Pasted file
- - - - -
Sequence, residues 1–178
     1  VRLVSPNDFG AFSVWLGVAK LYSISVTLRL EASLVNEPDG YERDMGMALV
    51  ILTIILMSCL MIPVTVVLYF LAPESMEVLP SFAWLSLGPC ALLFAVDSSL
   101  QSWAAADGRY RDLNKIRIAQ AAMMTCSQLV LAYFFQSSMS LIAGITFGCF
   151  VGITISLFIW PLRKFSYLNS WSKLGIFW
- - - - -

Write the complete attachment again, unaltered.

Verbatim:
Sequence, residues 1–178
     1  VRLVSPNDFG AFSVWLGVAK LYSISVTLRL EASLVNEPDG YERDMGMALV
    51  ILTIILMSCL MIPVTVVLYF LAPESMEVLP SFAWLSLGPC ALLFAVDSSL
   101  QSWAAADGRY RDLNKIRIAQ AAMMTCSQLV LAYFFQSSMS LIAGITFGCF
   151  VGITISLFIW PLRKFSYLNS WSKLGIFW